As the venture capital industry and technology markets have evolved and matured, however, more managers are creating significant investment value for LPs, with value increasingly created through companies located outside
the United States and across a range of subsectors.

Gender and Venture Capital Decision-Making: The Effects of Technical Background and Social Capital on Entrepreneurial Evaluations

In the high-tech industry, women without technical expertise are less likely to be awarded venture capital than their male counterparts who lack this same technical expertise. This gender gap does not exist when comparing men and women who both possess technical skill.

This study from the Harvard Kennedy School explores the interaction of having a technical background with gender biases in performance evaluations of male and female entrepreneurs and their proposed ventures through an experimental design.

The Economic Impact of Venture Capital: Evidence from Public Companies

This working paper from the Stanford Business School explores the economic impact of the venture capital industry.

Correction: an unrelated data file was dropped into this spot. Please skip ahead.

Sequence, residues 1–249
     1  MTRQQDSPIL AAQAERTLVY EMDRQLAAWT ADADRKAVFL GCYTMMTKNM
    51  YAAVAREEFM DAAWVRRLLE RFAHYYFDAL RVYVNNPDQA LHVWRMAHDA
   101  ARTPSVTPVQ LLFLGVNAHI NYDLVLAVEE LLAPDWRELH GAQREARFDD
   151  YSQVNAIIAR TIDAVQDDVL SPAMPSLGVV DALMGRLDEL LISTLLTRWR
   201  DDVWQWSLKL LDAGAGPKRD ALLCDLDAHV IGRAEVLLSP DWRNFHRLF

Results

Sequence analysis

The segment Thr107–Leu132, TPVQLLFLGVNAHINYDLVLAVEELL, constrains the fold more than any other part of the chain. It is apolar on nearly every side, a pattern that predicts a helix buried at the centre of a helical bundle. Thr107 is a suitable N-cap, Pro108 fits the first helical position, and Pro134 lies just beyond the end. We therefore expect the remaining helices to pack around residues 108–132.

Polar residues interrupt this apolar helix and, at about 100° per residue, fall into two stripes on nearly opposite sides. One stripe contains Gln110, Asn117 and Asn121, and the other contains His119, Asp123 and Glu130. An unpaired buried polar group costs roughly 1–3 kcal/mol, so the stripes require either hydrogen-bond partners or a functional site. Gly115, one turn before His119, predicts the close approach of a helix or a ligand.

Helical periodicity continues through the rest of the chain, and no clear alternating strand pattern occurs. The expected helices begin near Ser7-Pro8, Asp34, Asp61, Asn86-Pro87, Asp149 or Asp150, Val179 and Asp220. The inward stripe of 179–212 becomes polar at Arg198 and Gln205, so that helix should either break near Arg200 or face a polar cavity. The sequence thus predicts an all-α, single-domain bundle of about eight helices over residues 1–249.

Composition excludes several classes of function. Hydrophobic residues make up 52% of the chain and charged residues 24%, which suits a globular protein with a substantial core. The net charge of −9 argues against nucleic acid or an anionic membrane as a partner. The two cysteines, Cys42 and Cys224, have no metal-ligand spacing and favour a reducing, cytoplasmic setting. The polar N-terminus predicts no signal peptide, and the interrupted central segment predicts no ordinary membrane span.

Over the past 30 years, venture capital has become a dominant force in the financing of innovative American companies. From Google to Intel to FedEx, companies supported by venture capital have profoundly changed the U.S. economy.

Despite the young age of the venture capital industry, public companies with venture capital backing employ four million people and account for one-fifth of the market capitalization and 44% of the research and development spending of U.S. public companies. From research and development to employment to simple revenue, the companies funded by venture capital are a major part of the U.S. economy.

Startup Communities: Building an Entrepreneurial Ecosystem in Your City

Startup Communities documents the buzz, strategy, long-term perspective, and dynamics of building communities of entrepreneurs who can feed off of each other’s talent, creativity, and support.

Based on more than twenty years of Boulder-based entrepreneur turned-venture capitalist Brad Feld’s experience in the field, as well as contributions from other innovative startup communities, this reliable resource skillfully explores what it takes to create an entrepreneurial community in any city, at any time.